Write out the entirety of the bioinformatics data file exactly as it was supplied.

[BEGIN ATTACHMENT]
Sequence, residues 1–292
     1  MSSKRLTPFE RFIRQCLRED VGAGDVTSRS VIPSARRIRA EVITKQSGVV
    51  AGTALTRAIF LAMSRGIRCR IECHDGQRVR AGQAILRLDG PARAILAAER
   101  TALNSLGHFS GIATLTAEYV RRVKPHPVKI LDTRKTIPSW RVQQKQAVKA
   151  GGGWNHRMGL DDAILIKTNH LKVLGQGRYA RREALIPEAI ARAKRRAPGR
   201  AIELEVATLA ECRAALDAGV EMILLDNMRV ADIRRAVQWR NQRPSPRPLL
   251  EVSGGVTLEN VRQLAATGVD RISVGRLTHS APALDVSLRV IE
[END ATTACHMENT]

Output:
Sequence, residues 1–292
     1  MSSKRLTPFE RFIRQCLRED VGAGDVTSRS VIPSARRIRA EVITKQSGVV
    51  AGTALTRAIF LAMSRGIRCR IECHDGQRVR AGQAILRLDG PARAILAAER
   101  TALNSLGHFS GIATLTAEYV RRVKPHPVKI LDTRKTIPSW RVQQKQAVKA
   151  GGGWNHRMGL DDAILIKTNH LKVLGQGRYA RREALIPEAI ARAKRRAPGR
   201  AIELEVATLA ECRAALDAGV EMILLDNMRV ADIRRAVQWR NQRPSPRPLL
   251  EVSGGVTLEN VRQLAATGVD RISVGRLTHS APALDVSLRV IE